If you would like to receive our technical comments including price projections and cycle analysis for important tops and bottoms, click on the link at the bottom of the commentary to sign up for a 30-day free trial subscription. Follow Ag Watch Market Advisors on Facebook and Twitter for timely information not posted in our blog
Corn is creeping along searching for input that either energizes the bulls or brings a new wave of selling from the bears. Currently, the funds are short a near record 1.660 BB which could trigger a rally if forced to cover. However, no threats are visible as weather looks benign through the end of the month. Meanwhile, July could be a different story when the crop is pollinating. In the meantime, seventy-one percent of the crop is rated in good-to-excellent condition, a decline of 4 percent from the previous week. According to Ag Watch’s yield model, this translates to a national yield of 177.8 bpa compared to USDA’s current estimate of 178.5 bpa. Looking at exports, inspections last week were 35.8 MB and must average 51.9 MB each week to reach USDA’s target of 1.775 BB. Later this month the planted acreage report could be a game changer.
China has been more active in their soybean purchases the past couple of weeks, but mostly for new crop. Inspections last week were nominal at 13.8 MB and must average 29.3 MB each week to reach USDA’s projection of 1.650 BB. Some states are seeing a resurgence in Coved-19 that may raise anxiety about demand. In other developments, planting is winding down at 93 percent complete versus the average of 88 percent. Seventy-two percent of the crop is rated in good-to-excellent condition which is unchanged from the previous week. This compares to the 10-year average of 70 percent. The Dakotas and parts of Nebraska are on the dry side.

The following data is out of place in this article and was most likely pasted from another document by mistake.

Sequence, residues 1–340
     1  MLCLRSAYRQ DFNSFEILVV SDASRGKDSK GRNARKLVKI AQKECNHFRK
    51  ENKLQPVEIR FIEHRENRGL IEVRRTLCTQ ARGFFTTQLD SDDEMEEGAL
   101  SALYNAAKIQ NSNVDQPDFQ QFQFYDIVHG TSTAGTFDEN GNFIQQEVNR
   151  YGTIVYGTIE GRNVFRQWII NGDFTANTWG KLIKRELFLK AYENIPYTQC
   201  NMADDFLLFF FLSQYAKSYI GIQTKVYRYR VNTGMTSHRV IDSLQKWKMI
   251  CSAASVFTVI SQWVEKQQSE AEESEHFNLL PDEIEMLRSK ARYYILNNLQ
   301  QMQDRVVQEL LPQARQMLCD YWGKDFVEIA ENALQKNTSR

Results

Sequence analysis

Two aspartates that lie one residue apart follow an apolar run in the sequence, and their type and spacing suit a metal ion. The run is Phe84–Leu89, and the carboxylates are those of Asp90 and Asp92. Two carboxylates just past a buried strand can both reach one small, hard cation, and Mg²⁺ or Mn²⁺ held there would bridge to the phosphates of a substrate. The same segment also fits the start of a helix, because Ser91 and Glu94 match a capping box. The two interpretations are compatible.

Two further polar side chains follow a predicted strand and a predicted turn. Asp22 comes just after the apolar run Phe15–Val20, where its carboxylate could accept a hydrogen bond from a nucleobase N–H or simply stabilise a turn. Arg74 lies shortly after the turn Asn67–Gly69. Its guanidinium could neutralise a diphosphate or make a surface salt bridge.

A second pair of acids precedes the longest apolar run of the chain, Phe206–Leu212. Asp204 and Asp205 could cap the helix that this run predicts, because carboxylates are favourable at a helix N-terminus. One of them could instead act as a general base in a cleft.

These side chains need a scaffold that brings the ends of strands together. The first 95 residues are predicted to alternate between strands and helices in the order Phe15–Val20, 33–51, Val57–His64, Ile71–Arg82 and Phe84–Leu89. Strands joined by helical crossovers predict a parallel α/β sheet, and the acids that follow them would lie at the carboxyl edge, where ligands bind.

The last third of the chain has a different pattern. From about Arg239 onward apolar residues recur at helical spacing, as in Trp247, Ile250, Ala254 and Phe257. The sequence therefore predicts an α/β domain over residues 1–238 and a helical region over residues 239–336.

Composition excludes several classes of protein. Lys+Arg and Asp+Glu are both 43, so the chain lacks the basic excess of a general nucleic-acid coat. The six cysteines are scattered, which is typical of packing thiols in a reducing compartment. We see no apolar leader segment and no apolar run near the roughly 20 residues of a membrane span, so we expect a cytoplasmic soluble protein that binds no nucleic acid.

Wheat faces an uphill struggle from record global stocks and winter wheat harvest that is in the early stages. As of last week, 15 percent of the crop had been harvested which is par for the average. Eighty-one percent of the spring wheat crop is rated in good-to-excellent condition, down one point from the previous week. Looking at exports, inspections last week were 16.3 MB and below the average of 18.5 MB needed to reach USDA’s target of 950 MB. For now, wheat needs a production issue with one of our competitors to get in the good graces of the bulls.
Comments and suggestions are provided for information purposes only. Information contained herein is obtained from sources believed to be reliable but not guaranteed to its accuracy or completeness. Readers using the information contained herein are responsible for their own actions. No presentations can be made that recommendations will be profitable or that they will not result in losses. This information is neither an offer to sell nor solicitation to buy of the commodity futures mentioned herein. The writer may be trading in the commodities mentioned.